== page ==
The startling success of the city's plan to turn the Franklin Park area into a trouble-free zone of prestige office buildings is symbolized by the recently completed building on I Street NW at the park's southeastern edge. Actually, it is enshrined there.
This is one classy quasi-classical building, from polished black granite base to elegantly scalloped green-tinted roof. The proportioning is exact, the detailing adept, the materials fine, the craftsmanship exemplary. The lobby is stupendously quiet -- the click of a heel on its patterned marble floor is an event.
Designed by the powerhouse New York firm of John Burgee Architects With Philip Johnson for the powerhouse Texas development company Gerald D. Hines Interests, the building is everything the client could have asked for. It is a big, efficient Washington office box dressed up grandly.
Pritzker Architecture Prize laureate Johnson, the principal designer, obviously had Washington traditions of monumentality and classical architecture in mind -- the building is as concise a reprise as one could imagine, a succinct reminder of the kinds of official and commercial buildings facing green squares that the McMillan Commission advocated so memorably in its famous report of 1901.
And yet, typical of the firm's nationwide efforts of the 1980s -- is there now a self-respecting American city without its piece of Burgee-Johnson postmodernism? -- this building is at once an abstraction and an exaggeration of traditional motifs. Regardless of the stylistic inspiration -- Victorian, classical, whatever -- the Burgee-Johnson designs are all simple diagrams, but this one is a lot better than most. One gets the feeling that the built-in limitations of the Washington box were a help -- with height and bulk so rigidly prescribed, the architects simply made the best of it.
The primary feature of the main facade, fronting the park, is a long row of limestone-sheathed piers attenuated in the manner of the stripped classicism that was used in the 1930s for both authoritarian (in Berlin) and democratic (in Washington) ends. There's a touch of genius here -- to appreciate its efficacy one only has to compare this colonnade to the pathetically starved version at the Madison Building of the Library of Congress or, contrariwise, to the grossly inflated columns adorning several recent office buildings downtown.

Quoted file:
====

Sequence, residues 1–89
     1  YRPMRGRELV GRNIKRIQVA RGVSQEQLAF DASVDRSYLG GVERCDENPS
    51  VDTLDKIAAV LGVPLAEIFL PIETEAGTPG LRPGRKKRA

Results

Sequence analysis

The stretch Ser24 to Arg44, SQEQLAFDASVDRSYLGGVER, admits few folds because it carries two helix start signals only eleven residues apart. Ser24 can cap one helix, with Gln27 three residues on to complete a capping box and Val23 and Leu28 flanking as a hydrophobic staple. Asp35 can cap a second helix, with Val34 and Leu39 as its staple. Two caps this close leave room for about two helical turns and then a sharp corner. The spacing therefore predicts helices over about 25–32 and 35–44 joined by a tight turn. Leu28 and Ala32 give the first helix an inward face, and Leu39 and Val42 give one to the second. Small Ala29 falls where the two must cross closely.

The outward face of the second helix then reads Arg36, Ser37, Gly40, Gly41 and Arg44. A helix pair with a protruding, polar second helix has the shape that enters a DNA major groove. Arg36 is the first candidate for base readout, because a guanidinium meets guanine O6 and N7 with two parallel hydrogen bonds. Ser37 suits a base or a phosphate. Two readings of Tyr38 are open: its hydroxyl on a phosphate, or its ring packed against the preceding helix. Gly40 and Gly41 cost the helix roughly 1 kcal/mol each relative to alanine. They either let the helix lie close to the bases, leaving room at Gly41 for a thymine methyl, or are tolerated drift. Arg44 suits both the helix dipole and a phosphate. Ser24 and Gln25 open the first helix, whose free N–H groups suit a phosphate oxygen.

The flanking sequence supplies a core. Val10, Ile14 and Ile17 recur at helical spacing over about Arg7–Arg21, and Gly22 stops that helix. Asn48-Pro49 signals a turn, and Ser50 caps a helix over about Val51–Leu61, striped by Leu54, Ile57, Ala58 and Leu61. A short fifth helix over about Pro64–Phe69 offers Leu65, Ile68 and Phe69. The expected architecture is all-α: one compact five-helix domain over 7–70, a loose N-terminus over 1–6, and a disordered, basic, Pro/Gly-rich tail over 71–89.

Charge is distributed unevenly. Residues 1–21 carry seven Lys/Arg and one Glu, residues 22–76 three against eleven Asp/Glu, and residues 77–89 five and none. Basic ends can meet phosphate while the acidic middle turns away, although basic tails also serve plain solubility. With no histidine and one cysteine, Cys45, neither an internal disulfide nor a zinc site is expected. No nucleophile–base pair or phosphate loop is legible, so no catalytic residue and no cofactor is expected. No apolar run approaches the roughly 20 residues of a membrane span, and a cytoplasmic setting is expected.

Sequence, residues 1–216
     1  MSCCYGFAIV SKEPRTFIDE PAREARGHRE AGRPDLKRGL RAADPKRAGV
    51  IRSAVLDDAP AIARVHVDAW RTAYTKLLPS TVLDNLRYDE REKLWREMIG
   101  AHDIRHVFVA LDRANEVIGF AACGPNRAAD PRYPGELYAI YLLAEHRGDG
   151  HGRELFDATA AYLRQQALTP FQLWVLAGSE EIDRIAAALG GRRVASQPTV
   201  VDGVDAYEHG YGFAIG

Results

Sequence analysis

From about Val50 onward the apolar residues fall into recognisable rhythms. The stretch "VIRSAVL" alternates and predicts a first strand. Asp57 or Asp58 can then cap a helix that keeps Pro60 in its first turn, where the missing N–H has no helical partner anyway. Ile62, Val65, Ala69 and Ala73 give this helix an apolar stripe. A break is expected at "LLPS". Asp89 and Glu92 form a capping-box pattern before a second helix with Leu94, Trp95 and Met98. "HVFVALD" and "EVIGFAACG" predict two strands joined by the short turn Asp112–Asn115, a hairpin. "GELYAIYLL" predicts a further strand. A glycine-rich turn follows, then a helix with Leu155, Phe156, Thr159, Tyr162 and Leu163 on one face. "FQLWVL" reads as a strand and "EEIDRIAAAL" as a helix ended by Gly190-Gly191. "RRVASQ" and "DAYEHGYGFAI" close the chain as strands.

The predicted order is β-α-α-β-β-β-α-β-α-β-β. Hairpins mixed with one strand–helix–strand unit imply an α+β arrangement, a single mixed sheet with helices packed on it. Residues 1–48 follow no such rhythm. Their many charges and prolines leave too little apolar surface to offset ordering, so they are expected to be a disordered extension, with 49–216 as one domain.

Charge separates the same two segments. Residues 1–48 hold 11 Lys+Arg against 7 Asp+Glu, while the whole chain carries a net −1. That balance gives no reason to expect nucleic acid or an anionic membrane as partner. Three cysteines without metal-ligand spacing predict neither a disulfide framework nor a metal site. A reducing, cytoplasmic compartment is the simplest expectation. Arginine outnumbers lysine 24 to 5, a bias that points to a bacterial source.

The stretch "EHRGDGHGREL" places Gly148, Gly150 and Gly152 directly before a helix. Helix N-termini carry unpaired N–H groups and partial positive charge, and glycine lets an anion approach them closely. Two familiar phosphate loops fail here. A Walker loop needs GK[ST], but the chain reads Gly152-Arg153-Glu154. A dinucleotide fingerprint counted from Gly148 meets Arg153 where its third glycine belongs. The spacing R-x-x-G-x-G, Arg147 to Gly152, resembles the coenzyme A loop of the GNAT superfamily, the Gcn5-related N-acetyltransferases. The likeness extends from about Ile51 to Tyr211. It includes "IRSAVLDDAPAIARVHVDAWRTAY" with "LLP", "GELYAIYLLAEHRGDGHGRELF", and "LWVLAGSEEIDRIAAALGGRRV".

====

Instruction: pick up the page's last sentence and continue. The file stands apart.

The colonnade is beautifully framed. Stretching from the ground to the 11th floor, the narrow piers are exciting in their vertical thrust, which is fittingly counterbalanced by the balustraded 12th floor and the splendid roof. The building's stone-coursed corners, too, are appropriately hefty in feel. The piers themselves punctuate a terrific curtain wall that helps to counteract their verticality.
It is amazing how much glass there actually is in this "stone" building. It's also very pleasing to see the improbable ease with which this pattern -- clear glass windows, simple cross-mullions, light gray frames, light blue-green vertical struts and dull gray metal spandrels -- manages to combine the best of three worlds. There's a sleek suggestion of the International Style, an elegant whiff of Washington's stripped classicism and a handsome touch of the Beaux-Arts spirit.
This is, in other words, a harmonious composition in which every piece, from rooftop ornament to balusters to mullions to canopies to ground-floor lanterns, seems justly proportioned in relation to the whole.
Gears switch in the lobby, a more or less erudite recall of temples and, more to the point, of bank lobbies past. The limestone Doric columns -- flutes, entasis and all -- are things of beauty, and it's an altogether impressive if none-too-friendly room, from coffered back-lighted ceiling three stories high to lozenge-studded wall to polished marble floor. Betty Rood, a vivacious security guard who recently moved to Washington, reports that lots of architects have been stopping by for a look. "I'm from Chicago," she says, "so I'm used to it."
There's a flaw in the blissful picture, of course. In a way the Franklin Park story is a model of how the planning process is supposed to work -- in the public interest the government establishes goals, and, properly assisted and guided, private enterprise follows through -- but dullness of a certain kind is a predictable result.